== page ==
The Côtes de Bourg landscape – and wines – are full of character. Wine has been made here since Roman times, but a new elegant style and improved quality have transformed the area

The Côtes de Bourg landscape – and wines – are full of character. Wine has been made here since Roman times, but a new elegant style and improved quality have transformed the area

T he Côtes de Bourg is known locally as Gironde’s little Switzerland. A bit exaggerated maybe, but it gives a fair impression of the picture-postcard topography of the region. A first set of hillslopes runs parallel to the Gironde estuary and a second, more tortuous one is ranged behind. The hills – or côtes – and the proximity of both the estuary and the Dordogne river are the defining features of this compact appellation. The hillslopes provide good exposure, and the mass of water ensures a warmer mesoclimate and helps ward off frost. Add to this airstreams that help reduce precipitation, particularly during the harvest months, and soils with a predominance of clay and limestone, and there is a strong sense of terroir.

The Romans were the first to discover the viticultural potential of Bourg, and wine has been produced here ever since. Colour, structure and a full-bodied, earthy fruitiness have always been its characteristics, but over the last few years it has gradually become more elegant. Merlot is the dominant variety, but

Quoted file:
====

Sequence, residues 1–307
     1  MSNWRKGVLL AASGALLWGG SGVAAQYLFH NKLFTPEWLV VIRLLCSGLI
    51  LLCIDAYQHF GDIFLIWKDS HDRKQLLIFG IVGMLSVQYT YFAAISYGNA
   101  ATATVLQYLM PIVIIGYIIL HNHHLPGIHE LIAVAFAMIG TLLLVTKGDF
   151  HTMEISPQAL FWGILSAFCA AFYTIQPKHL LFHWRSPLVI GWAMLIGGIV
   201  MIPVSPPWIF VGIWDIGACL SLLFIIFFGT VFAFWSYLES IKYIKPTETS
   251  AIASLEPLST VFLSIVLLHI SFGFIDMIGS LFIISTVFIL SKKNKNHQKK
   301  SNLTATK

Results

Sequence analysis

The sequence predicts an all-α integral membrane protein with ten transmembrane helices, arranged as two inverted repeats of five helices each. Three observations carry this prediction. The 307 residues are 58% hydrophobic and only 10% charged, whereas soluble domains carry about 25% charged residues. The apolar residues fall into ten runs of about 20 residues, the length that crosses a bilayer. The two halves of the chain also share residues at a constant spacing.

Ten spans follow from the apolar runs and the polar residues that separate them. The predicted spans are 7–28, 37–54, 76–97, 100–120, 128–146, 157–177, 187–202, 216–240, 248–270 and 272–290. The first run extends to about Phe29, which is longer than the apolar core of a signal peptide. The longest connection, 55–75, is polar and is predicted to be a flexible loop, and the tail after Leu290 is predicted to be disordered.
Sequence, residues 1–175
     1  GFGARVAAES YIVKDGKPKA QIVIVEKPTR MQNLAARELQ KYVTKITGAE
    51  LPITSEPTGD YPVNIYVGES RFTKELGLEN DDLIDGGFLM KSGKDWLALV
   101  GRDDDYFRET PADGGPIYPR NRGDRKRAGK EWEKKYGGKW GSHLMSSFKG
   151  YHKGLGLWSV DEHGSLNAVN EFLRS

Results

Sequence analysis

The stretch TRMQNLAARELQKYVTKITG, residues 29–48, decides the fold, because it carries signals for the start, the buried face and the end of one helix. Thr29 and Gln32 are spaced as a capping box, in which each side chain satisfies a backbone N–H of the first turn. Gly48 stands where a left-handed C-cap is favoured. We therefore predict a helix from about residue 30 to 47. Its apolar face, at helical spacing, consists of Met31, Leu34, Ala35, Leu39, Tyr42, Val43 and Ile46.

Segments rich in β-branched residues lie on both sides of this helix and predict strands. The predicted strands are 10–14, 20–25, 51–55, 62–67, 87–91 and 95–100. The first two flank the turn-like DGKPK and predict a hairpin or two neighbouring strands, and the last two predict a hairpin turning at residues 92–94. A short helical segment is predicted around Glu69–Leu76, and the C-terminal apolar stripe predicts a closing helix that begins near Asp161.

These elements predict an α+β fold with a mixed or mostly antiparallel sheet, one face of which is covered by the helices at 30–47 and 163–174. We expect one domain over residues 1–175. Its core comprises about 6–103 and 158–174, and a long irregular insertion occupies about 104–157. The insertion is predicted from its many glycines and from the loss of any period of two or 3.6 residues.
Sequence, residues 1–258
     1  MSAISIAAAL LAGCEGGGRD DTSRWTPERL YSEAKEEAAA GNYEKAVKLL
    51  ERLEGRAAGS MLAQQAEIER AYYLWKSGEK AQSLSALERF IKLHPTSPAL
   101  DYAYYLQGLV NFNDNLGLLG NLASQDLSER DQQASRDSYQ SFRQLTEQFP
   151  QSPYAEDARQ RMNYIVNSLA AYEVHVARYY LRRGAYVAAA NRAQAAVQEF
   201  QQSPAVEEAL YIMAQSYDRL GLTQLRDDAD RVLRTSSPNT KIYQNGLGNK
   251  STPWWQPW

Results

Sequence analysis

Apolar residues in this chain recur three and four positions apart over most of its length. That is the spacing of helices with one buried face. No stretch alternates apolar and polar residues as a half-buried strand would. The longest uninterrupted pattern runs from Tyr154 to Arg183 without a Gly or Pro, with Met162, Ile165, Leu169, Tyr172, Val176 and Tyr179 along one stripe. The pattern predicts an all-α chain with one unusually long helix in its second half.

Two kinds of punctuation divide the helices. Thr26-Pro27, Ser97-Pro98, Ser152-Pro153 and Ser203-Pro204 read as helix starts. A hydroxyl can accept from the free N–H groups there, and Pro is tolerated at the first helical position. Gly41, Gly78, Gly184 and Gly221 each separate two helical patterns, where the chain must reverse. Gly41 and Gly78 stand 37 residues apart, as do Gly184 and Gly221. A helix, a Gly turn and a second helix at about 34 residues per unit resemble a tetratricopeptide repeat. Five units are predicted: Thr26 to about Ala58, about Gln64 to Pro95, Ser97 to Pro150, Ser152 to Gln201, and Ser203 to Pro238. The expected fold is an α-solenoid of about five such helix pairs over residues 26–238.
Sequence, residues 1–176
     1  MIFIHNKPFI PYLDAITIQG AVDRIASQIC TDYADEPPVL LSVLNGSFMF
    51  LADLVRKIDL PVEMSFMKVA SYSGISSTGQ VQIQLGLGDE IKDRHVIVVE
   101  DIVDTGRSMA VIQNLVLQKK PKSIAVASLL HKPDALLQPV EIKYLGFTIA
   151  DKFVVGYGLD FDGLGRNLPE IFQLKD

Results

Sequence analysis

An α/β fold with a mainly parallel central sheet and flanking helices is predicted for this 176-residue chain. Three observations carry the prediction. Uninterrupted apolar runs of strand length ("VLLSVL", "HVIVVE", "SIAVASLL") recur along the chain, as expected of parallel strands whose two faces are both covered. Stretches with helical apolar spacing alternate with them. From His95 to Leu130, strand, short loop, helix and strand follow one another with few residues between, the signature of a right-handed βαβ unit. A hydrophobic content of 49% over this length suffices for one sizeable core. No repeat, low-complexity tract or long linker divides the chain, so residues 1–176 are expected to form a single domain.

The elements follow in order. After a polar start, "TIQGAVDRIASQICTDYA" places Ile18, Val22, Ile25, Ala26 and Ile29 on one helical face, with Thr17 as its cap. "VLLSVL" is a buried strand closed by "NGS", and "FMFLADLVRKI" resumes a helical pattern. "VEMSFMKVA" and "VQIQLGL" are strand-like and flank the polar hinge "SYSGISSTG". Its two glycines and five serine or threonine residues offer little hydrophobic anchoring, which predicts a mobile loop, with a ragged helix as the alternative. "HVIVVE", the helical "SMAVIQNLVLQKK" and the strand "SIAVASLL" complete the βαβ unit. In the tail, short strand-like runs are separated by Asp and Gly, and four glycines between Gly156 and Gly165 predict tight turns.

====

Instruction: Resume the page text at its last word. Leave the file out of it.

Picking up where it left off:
producers are adamant that theirs should remain a blended wine. Some dry white is also produced.

Greater consistency of quality has become evident in recent years. The progress has been steady rather than spectacular, with few high-spending investors but existing producers realising the need for investment and improved viticultural management. Yields have dropped (72 hectolitres/hectare in 1986 against 57hl/ha in 2001), and leaf-plucking and better canopy management have become more widespread. There’s been greater investment in oak barrels and other materials, too.

The changes that have taken place at Château Tour de Guiet provide a snapshot of this evolution. The property was bought in 1992 by Stéphane Heurlier and his family – farmers from northern France. The vineyards were planted to a respectable density of 5,500 vines/ha, but vines had to be replaced and yields reduced. The system of pruning has been improved, and leaf-plucking and the removal of excess buds have been introduced. A new cellar was built in 2000, since when barrel ageing has been possible.

The Côtes de Bourg syndicat and the cooperatives have also played a part in the collective drive for improvement. Regular weather reports are relayed to the membership from five local stations, as is information on disease control, derived from the monitoring of parcels of vines in the appellation’s 15 communes. At the Cave de Bourg-Tauriac there is now a 40% difference in the remuneration for top- and bottom-quality fruit.

This is a commune worth watching – the wine community is working together, and moving in the right direction.

Written by JAMES LAWTHER MW